Part-05-Scene

Let’s edit the UI Text output and value assignments in the State Manager so it’s easier to see what’s happening in the setup. We’ll display the current resource levels and the delta values that are configured in the scene.

StateManager.cs Snippet


   void UpdateDisplay()
    {
        AirText.text = string.Format("Air: {0}  ({1}{2})", AirLevel.ToString("N0"),
            (AirDelta > 0) ? "+" : (AirDelta < 0) ? "" : "=", AirDelta.ToString("N2"));
        WaterText.text = string.Format("Water: {0}  ({1}{2})", WaterLevel.ToString("N0"), 
            (WaterDelta > 0) ? "+" : (WaterDelta < 0) ? "" : "=", WaterDelta.ToString("N2"));
        FoodText.text = string.Format("Food: {0}  ({1}{2})", FoodLevel.ToString("N0"),
            (FoodDelta > 0) ? "+" : (FoodDelta < 0) ? "" : "=", FoodDelta.ToString("N2"));
        PowerText.text = string.Format("Power: {0}  ({1}{2})", PowerLevel.ToString("N0"),
            (PowerDelta > 0) ? "+" : (PowerDelta < 0) ? "" : "=", PowerDelta.ToString("N2"));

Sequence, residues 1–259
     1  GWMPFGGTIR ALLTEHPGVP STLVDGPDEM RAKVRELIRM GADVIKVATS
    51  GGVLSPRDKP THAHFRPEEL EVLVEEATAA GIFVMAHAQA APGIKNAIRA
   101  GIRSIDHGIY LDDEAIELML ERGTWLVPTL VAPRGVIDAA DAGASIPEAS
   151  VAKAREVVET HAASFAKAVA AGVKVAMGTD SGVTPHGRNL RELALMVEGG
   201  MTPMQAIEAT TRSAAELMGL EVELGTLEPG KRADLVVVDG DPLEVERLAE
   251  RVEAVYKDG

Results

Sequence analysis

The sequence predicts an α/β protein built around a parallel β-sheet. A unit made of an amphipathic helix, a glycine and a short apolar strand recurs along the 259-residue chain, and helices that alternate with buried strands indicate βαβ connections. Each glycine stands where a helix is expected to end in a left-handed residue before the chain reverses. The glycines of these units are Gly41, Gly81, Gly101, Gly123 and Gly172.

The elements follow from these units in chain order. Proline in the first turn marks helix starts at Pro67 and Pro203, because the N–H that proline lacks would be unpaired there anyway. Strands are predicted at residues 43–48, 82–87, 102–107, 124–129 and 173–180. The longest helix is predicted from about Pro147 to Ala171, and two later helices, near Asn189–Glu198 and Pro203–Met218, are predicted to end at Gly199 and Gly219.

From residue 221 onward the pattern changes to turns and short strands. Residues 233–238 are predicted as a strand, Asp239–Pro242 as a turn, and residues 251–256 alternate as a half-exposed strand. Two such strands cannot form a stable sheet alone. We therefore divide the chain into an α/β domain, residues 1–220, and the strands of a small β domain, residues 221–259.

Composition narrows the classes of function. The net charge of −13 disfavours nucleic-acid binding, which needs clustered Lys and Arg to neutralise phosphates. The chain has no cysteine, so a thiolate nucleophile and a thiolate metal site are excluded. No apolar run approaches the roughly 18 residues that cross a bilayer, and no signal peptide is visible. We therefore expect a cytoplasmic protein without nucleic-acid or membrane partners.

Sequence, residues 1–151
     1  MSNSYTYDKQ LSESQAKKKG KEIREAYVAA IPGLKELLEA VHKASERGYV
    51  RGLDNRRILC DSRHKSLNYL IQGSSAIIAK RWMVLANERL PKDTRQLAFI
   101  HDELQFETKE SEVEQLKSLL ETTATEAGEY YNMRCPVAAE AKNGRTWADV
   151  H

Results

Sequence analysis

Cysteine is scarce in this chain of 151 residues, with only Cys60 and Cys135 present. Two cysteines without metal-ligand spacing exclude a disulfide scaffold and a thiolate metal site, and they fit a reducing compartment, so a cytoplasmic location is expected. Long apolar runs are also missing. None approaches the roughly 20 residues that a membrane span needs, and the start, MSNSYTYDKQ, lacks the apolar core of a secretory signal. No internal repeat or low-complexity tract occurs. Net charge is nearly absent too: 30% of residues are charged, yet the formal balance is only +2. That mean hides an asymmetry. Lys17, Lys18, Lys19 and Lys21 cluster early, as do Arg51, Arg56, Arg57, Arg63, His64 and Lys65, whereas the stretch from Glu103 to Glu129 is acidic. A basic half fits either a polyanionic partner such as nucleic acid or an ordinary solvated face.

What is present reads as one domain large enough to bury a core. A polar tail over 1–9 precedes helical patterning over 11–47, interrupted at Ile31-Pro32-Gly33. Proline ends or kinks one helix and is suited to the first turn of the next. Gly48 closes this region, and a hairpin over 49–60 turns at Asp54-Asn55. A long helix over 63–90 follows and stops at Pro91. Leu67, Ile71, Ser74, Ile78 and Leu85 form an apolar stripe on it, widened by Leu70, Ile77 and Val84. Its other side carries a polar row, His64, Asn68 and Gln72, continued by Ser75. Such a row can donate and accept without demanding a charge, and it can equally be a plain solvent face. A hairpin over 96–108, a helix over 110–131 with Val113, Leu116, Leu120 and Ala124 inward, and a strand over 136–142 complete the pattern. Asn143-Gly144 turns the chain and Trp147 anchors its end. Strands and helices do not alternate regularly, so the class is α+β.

}

   void UpdateValues()
    {
        AirLevel += ((AirDelta = (AirGeneration - AirConsumption)) * Time.deltaTime);
        AirLevel = Mathf.Clamp(AirLevel, 0f, AirMaxLevel);
        WaterLevel += ((WaterDelta = (WaterGeneration - WaterConsumption)) * Time.deltaTime);
        WaterLevel = Mathf.Clamp(WaterLevel, 0f, WaterMaxLevel);
        FoodLevel += ((FoodDelta = (FoodGeneration - FoodConsumption)) * Time.deltaTime);
        FoodLevel = Mathf.Clamp(FoodLevel, 0f, FoodMaxLevel);
        PowerLevel += ((PowerDelta = (PowerGeneration - PowerConsumption)) * Time.deltaTime);
        PowerLevel = Mathf.Clamp(PowerLevel, 0f, PowerMaxLevel);
    }

With everything in place, we should have something like this when the scene is running.

Part-05-RunScene

In the next post, I’ll add user input handling and interactions with the various modules.

For questions, comments or contact – follow me on Twitter @rlozada